Blair Interviews Since Leaving Office


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21st November, 2007


A report on a speech on 8th November in Singapore by Tony Blair, which was little reported at home.



“You may be a reluctant globaliser, but you are a globaliser nonetheless,” said former British Prime Minister Tony Blair.

He spoke to a full house at the National University of Singapore University Cultural Centre on Nov. 9.

Globalisation is the crux of his speech The Crisis in Global Governance: Challenges and Solutions. He gave examples such as the Kosovo Crisis, Asian Economic Crisis and the US sub prime market crisis to show how intricately connected the world is in today’s context.

“Globalisation is a fact. Opening up to it is the only sensible course,” Blair said.

“[We] have to come together to find the solutions. It is not simply idealism. It is 21st century realism,” he added.

Blair outlined six important challenges facing the world today: the economy, security issues, climate changes, energy, immigration and African issues.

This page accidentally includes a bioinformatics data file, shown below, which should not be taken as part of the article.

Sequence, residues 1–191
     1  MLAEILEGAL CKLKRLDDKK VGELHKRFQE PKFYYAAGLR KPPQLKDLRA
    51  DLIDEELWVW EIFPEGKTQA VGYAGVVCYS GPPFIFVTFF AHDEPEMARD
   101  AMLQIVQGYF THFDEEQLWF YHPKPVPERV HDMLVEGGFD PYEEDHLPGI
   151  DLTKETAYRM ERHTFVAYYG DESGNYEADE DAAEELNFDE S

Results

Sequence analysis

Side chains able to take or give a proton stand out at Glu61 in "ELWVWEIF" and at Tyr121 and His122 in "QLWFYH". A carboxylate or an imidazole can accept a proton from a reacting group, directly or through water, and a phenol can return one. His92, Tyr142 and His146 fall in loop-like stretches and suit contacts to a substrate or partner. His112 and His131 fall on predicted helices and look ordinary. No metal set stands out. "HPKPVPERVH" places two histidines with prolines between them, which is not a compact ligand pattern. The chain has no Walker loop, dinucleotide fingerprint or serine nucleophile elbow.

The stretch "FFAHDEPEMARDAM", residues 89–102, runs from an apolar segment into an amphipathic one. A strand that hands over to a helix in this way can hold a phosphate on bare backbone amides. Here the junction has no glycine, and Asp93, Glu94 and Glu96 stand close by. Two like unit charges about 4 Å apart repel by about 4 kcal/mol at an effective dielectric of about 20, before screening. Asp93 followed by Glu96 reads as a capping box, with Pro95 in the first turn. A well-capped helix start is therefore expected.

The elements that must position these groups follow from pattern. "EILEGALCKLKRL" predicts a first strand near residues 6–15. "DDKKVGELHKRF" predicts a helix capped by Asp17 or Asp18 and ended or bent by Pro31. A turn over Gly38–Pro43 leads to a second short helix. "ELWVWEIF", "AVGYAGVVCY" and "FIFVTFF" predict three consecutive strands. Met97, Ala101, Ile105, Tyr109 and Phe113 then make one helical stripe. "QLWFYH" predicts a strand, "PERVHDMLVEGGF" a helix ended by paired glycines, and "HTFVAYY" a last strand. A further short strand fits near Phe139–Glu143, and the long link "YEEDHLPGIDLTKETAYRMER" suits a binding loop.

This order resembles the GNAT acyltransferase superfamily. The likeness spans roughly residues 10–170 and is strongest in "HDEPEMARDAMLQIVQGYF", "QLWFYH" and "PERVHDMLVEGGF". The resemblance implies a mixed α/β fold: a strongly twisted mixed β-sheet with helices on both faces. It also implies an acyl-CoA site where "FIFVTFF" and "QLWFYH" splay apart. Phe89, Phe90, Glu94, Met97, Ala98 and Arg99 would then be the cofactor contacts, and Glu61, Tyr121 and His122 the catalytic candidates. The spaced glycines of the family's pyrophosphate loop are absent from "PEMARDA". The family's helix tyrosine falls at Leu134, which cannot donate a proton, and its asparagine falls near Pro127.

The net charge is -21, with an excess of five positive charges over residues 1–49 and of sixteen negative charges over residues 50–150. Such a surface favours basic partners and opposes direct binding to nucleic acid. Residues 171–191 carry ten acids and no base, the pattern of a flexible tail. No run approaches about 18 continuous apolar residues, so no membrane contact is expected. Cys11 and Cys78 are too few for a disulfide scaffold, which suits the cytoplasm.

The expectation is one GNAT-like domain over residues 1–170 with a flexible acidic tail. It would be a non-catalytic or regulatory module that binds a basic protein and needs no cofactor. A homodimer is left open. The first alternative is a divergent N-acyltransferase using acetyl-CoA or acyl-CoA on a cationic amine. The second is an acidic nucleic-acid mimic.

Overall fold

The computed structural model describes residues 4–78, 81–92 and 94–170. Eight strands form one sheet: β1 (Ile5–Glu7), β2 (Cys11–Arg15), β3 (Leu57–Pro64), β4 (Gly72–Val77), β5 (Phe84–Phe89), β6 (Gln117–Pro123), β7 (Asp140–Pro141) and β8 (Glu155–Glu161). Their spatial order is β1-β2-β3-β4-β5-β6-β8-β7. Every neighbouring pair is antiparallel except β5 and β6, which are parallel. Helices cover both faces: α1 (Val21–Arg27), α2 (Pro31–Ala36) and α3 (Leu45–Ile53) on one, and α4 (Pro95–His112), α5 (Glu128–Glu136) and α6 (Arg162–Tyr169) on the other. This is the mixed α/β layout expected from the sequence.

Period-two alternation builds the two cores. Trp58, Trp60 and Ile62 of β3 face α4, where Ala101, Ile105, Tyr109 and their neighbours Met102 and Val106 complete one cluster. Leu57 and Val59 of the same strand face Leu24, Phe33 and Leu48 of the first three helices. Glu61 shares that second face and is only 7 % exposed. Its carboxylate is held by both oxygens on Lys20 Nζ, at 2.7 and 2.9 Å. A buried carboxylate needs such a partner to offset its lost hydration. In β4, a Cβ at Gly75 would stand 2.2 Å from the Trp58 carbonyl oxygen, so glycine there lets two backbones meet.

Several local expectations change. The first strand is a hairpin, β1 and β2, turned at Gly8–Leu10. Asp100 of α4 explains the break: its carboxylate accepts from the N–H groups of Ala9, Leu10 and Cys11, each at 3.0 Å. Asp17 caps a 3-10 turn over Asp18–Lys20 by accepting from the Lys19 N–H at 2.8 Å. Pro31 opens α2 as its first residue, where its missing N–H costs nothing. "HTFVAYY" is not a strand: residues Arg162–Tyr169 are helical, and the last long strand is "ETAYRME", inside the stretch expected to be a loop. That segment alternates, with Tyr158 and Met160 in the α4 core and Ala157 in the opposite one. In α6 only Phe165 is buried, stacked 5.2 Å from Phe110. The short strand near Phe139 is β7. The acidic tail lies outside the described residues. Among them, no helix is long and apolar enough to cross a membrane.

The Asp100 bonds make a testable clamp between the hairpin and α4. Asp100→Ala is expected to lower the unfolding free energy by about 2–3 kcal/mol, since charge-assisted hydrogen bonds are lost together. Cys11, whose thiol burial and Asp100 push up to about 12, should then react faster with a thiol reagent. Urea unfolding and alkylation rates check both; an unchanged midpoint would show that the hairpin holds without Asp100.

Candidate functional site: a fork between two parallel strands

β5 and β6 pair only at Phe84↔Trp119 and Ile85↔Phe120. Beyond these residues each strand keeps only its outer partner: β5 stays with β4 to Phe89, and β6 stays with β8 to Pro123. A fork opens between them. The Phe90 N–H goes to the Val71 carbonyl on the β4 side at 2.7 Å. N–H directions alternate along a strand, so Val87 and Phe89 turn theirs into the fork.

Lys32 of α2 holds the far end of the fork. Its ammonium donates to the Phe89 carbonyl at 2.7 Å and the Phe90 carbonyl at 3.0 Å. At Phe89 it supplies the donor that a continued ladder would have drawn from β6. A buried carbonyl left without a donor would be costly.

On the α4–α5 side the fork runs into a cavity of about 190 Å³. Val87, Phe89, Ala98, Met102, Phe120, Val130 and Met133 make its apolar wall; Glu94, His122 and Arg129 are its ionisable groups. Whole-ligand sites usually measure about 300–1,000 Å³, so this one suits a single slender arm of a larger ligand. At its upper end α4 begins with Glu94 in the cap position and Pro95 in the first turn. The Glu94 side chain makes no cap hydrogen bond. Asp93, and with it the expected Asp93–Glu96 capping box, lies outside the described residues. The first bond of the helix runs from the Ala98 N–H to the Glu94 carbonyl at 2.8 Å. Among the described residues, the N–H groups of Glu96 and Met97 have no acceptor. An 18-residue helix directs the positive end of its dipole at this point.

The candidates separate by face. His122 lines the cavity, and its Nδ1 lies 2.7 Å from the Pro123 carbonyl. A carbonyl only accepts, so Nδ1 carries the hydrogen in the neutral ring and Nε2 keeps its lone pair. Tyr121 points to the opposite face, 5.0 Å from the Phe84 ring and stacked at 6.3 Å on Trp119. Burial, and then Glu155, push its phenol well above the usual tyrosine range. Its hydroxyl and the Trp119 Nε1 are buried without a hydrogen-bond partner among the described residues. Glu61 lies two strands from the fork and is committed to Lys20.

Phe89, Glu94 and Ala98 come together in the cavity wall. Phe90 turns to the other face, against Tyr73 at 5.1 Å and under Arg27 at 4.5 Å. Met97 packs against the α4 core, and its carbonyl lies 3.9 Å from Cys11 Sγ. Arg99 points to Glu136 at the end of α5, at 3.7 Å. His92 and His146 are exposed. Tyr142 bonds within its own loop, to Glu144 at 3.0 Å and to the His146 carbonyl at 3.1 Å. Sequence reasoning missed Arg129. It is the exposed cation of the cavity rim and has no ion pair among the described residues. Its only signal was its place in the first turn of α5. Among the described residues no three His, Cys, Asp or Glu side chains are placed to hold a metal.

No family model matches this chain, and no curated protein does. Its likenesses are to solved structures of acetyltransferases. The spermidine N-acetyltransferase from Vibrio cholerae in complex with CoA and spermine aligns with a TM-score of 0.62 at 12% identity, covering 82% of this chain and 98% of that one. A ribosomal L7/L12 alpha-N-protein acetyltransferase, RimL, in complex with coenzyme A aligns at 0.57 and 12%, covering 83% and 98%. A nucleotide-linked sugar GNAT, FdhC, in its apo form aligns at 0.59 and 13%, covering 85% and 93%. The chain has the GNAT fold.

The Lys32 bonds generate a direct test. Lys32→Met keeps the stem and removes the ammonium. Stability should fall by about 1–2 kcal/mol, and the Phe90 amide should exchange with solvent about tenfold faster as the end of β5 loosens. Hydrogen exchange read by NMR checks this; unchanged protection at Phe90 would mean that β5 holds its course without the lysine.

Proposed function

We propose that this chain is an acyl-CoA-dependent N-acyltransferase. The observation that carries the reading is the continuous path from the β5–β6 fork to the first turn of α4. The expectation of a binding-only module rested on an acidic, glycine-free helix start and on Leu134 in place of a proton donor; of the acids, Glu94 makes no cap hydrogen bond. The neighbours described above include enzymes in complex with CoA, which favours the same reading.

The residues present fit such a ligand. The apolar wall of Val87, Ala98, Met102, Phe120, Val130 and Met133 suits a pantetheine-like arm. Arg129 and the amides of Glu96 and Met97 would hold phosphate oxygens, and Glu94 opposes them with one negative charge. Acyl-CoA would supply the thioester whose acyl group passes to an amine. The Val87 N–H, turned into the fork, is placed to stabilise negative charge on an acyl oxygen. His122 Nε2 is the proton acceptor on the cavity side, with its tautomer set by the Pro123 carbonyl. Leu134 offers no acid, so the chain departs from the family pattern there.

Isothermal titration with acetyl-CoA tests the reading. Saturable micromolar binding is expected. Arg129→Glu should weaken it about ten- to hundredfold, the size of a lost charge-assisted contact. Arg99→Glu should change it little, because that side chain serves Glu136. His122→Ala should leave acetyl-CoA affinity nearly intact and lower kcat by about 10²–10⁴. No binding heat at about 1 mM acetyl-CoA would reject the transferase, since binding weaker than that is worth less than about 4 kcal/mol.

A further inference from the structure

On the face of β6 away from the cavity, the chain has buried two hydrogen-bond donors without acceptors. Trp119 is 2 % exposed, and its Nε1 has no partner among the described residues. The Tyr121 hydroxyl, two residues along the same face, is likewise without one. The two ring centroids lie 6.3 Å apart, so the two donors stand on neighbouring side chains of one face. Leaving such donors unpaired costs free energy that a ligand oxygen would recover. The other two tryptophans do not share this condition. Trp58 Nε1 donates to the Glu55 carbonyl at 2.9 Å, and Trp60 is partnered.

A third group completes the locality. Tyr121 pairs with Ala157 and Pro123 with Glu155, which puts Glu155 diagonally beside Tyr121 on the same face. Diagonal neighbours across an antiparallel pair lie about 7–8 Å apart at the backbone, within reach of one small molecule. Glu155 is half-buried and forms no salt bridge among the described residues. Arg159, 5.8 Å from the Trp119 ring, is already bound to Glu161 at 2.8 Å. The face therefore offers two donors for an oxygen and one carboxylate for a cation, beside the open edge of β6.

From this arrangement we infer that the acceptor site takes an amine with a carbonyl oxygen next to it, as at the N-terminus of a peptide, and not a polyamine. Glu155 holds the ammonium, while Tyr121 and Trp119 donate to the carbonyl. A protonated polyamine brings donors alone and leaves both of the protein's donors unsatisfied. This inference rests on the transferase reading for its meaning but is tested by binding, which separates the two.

He said migration is the “hottest” issue in Europe now. Problems such as social tensions and housing have arisen from this phenomenon.

Drawing his experience from 10 years of premiership in Britain and two times presidency in The Group of Eight, Blair said that there is a mismatch between the need for global solutions and the governments’ capacity to deliver such solutions.

In addition, he also said solutions cannot come from one nation or one institution alone.

For example, terrorism cannot be resolved only by security measures; the solutions lie in helping people of different faiths live together in harmony.

A global view is essential in order to help solve problems such as energy, climate changes and migration.

How can this be done? The solution is, according to Blair, a multilateral and multicultural approach.